A second vent filled by a plug of semi-solid lava lay about 20 m to the E of the active one on the pit's floor; the surface of the plug was criscrossed by glowing cracks but did not show any sign of activity.
Ash emission from the E vent was intermittent from 1500 until 1630 but then became near continuous until night fell (observation made during descent to the Rifugio Sapienza on Etna's S flank). After nightfall, Scarpinati observed intense Strombolian activity at the E vent from his home in Acireale, which was visible with the naked eye (for much of the recent months he had made his observations with the aid of a night vision device, and no incandescence had been visible with the naked eye; a small incandescent spot on the NNE side of the summit of the SE Crater had been detected in this way).
On 18 October, ash emissions continued from the E vent of the Bocca Nuova; the plumes were darker than on the day before. Furthermore, new fumaroles were visible on the upper flanks of the SE Crater cone, and gas emission was noted at the summit vent of that crater during the 17 October visit; a small gas plume was visible at the same site on the 18th.
The current activity at the Bocca Nuova marks a return to a relatively mild persistent summit activity at Etna, where for a long period the scene had been dominated by brief, violent episodes of lava fountaining and short-lived lava flows, separated by intervals of almost complete quiet. Yet it is not safe at all to visit the stage of this activity (the Bocca Nuova), because many of the explosions occurring there eject bombs beyond the rims of the crater. Although the activity was slightly less intense at the NW visit on 17 October than during the previous visits, this might be only a temporary decrease, and stronger activity might return at any time. Visitors who climb Etna without being accompanied by mountain guides should not get close to the Bocca Nuova, even though the possibility to see the persistent activity is extremely tempting. During the intense summit eruptions of the past 5 years and 3 months there have been no fatal accidents due to the eruptive activity, and this seems a mere miracle. It is in the interest of all concerned people - mountain guides and visitors - that this remains so, because a fatal accident would probably lead to even more serious restrictions of access to the summit area.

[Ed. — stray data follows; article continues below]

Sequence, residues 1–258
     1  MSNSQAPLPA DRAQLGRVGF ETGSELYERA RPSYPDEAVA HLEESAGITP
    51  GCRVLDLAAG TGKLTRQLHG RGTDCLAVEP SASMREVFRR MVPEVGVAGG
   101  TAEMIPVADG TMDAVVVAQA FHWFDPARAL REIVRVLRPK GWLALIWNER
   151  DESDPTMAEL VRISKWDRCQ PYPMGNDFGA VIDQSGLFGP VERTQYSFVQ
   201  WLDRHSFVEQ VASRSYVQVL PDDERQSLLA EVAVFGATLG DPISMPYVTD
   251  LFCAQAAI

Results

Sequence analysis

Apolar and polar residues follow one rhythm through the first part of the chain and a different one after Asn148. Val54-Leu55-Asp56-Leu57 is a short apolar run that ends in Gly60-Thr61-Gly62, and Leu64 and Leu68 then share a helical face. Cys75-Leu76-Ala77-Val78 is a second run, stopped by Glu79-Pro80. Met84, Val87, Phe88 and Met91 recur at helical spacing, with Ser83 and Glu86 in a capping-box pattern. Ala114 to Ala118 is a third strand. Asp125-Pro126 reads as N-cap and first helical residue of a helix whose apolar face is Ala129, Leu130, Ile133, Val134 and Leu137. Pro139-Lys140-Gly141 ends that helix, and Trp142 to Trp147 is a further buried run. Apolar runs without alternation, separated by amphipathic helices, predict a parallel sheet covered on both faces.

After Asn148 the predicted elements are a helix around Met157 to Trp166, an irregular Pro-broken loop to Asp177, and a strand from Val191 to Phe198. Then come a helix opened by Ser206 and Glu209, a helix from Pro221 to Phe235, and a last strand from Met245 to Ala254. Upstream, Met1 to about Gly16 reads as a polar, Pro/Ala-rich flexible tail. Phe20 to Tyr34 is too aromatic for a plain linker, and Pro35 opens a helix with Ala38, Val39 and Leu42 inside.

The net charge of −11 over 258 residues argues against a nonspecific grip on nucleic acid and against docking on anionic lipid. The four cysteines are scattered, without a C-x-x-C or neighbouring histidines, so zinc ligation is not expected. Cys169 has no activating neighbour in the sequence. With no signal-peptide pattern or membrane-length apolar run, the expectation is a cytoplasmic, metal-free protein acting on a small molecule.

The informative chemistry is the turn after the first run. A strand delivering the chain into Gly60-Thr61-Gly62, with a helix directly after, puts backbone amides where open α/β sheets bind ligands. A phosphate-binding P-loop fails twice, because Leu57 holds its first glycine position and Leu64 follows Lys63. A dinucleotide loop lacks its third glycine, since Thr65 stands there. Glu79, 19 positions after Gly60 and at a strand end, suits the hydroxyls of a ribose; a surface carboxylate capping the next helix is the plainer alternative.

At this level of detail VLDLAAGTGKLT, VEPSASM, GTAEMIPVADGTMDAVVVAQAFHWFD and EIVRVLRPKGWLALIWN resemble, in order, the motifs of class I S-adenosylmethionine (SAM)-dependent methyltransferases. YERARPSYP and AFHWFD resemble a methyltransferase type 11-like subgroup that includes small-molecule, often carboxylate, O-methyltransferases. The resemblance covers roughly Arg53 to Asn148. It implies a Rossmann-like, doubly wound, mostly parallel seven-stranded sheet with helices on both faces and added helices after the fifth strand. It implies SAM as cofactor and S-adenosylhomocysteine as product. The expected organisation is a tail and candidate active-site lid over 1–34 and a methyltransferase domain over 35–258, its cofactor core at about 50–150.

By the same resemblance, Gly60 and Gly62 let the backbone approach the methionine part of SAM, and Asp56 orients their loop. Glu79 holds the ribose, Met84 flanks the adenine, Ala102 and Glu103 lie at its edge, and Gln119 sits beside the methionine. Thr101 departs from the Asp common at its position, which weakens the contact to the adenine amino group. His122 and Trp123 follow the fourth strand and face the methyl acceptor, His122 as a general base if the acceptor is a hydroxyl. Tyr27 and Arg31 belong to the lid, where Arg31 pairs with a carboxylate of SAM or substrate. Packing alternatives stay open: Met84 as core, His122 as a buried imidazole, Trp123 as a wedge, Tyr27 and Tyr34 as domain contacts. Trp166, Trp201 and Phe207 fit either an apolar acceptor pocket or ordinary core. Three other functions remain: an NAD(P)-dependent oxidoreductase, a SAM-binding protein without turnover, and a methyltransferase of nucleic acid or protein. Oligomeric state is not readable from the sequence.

Eruptive activity at the Bocca Nuova,
5 October 2000

Photos by Boris Behncke

5 October 2000
5 October 2000

Strong gas and ash emission from the Bocca Nuova during the early afternoon of 5 October 2000, photographed from the W flank of Etna (at about 1700 m elevation). These images render a clear impression of the poor weather conditions during the excursion made that day with a group of students from the Geomar research institute (Kiel, Germany)

14 October 2000 update. Eruptive activity at the Bocca Nuova is continuing, and during the past few days it has shown a gradual, though irregular, increase.
After the latest visit by Boris Behncke (Dipartimento di Scienze Geologiche, University of Catania - DSGUC) on 10 October, the activity was again observed at close range by Giuseppe Scarpinati (Italian correspondent of the "Association Volcanologique Européenne", seated in Paris, France) and Jean Claude Tanguy (Université Paris 6 and IPGP, France) on the afternoon of 12 October. At that time the NW vent activity was similiar to that observed two days earlier, but the E ("1964") vent had grown significantly more active. Scarpinati described frequent jets of dark ash, at times accompanied by ejections of blocks which were followed by dark trails of dust (ash). He also noted occasional sprays of incandescent lava fragments from that vent, some of which dropped bombs beyond the rim of the vent.
On that same day, Behncke observed the volcano from near Bronte, on the lower W flank, after nightfall, with a bright full moon rising behind the mountain. Every few minutes small incandescent explosions occurred at the Bocca Nuova, and one fairly strong explosion generated a 200 m high incandescent column.
On 13 October, Behncke visited the summit craters for the 100th time since 1989; he was accompanied by Scarpinati, Giovanni Sturiale (DSGUC), a German journalist and a German photographer. During the morning, a strong wind had blown the gas and ash plume from the summit craters toward N, causing light ash falls and a strong smell of sulfur dioxide around Piano Provenzana. By the time the group arrived near the summit, the wind had calmed, and viewing conditions were favorable. Observations were made from the SW rim of the Bocca Nuova, just outside the range of frequent bomb falls.